If you ever doubt how much influence you have in the coming generations, I’d like to introduce you to Jean Anthelme Brillat-Savarin by way of my elementary school health class; where we were told, “You are what you eat.” According to the internet, Monsier Brillat-Savarin, a French lawyer, politician, and gastronomist wrote these words in 1826. More specifically, he wrote, “Tell me what you eat and I will tell you what you are.”
The meaning of the phrase is simple: if you want to be healthy, eat healthy. If you want to be big and bulky, eat protein. If you want to be lethargic and jittery at the same time, eat nothing but marshmallows all day long. Being a politician and lawyer, I wonder if Brillat-Savarin followed the logical conclusion of this phrase beyond our diet?
What we consume, defines us.
Let’s say you’re a 9 year old kid whose parents only communicate to him is responsibilities and chores. He is persistently told to help out around the house, and very rarely complemented for it. What does he become?
What about a 12-year-old kid who expresses an interest in volleyball. Her parents are super supportive, so of course they sign her up for every camp imaginable, followed by private lessons, an elite club team, and all the gas money imaginable to get her in between practices every night. She becomes singularly focused on volleyball out of necessity and their conversations turn to only volleyball. She eats, sleeps, and breathes volleyball until she graduates from high school without a college offer. What does she become?
And then there’s the 35-year-old who has desperately tried to climb the career ladder to support her family and is working her tail off all week long. Her family loves and appreciates her, but unintentionally makes comments about all the things they don’t get to do. As she drives to work each day, she passes all the things she can’t provide. What does she become?
Or, finally, the stay-at-home husband who cleans, cooks, cares and puts it all on repeat. He gets to sleep in on Saturdays, but the main appreciation he gets is “that was delicious” and “thank you for cleaning.” The rest of the time his family is so busy, that all he consumes are those moments. What becomes of him?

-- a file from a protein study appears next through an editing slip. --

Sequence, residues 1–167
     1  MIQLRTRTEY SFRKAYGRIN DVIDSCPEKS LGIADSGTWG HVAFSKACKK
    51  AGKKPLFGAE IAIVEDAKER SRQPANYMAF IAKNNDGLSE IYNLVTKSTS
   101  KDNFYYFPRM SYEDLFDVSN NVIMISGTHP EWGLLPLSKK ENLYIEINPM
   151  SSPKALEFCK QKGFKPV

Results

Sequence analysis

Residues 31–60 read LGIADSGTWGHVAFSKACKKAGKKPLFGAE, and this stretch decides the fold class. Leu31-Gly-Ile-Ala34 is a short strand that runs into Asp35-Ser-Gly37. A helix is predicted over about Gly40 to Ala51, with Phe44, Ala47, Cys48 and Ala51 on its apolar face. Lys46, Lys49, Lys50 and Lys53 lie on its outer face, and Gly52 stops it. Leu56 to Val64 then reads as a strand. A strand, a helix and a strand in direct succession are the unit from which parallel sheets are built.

Jesus encountered the same people that inhabit our world today. People struggling for peace and purpose amidst an ever-changing world. As the world turns, we consistently are asked “what will we consume?” What will be our priorities? What will fill us? What will be the foundation for everything else? And often we choose very finite goals to define us. The very common trope is the two old guys that still talk about the touchdown they scored in the state championship game. A great moment, for sure, but is that a purpose that exists as we grow, adapt, and move forward with life?
Jesus offers this advice in Matthew 6:19-24, part of the Sermon on the Mount:
“Do not store up for yourselves treasures on earth, where moths and vermin destroy, and where thieves break in and steal. But store up for yourselves treasures in heaven, where moths and vermin do not destroy, and where thieves do not break in and steal. For where your treasure is, there your heart will be also. The eye is the lamp of hte body. If your eyes are healthy, your whole body will be full of light. But if your eyes are unhealthy, your whole body will be full of darkness. If then the light within you is darkness, how great is that darkness! No one can serve two masters. Either you will hate the one and love the other, or you will be devoted to the one and despite the other.”
He goes on to name “money” as a key finite goal that people find purpose in, but it’s one of many ways we define ourselves by what we choose to consume. Where we often get defensive when confronted with Jesus’ words is that we assume Jesus is limiting us to a life of monastic prayer, but that’s not the case. Work, sports, band, music, friends, your yard, your boat – all those things are great – but they aren’t a purpose. They are finite. They break. They will end. And they cannot perpetually adapt – which means you cannot continue to grow. What Jesus is calling us to is a life that consumes Christ first and foremost, building a foundation on the eternal God who is there through every change, and letting that foundation determine what we do with the rest of our resources and the manner in which we do those activities.
Jesus says in John 13:35 that “By this everyone will know you are my disciples, if you love one another.” Here he is talking about definition by output – but what must you consume, in order to be? Ask yourself this week if what you consume is filling you with love, grace, promise, and peace? Or if it’s filling you with expectation, worry, performance-anxiety, doubt, and fear? Jesus would follow up in Matthew 6 with the famous passage about “do not worry.” Perhaps it’s so hard to understand that passage because we’ve consumed so much of the latter option.
I’ll pray for peace for you this week, and I hope you’ll pray for me. I look forward to worshipping with you on Sunday, and I’d especially like to invite you to consider joining a small group for support, fun, and fellowship to help ground you in a purpose-filled life in Christ. If you don’t have one, Pastor Adam can help; and be on the look out for some upcoming opportunities to consume love while consuming some good food.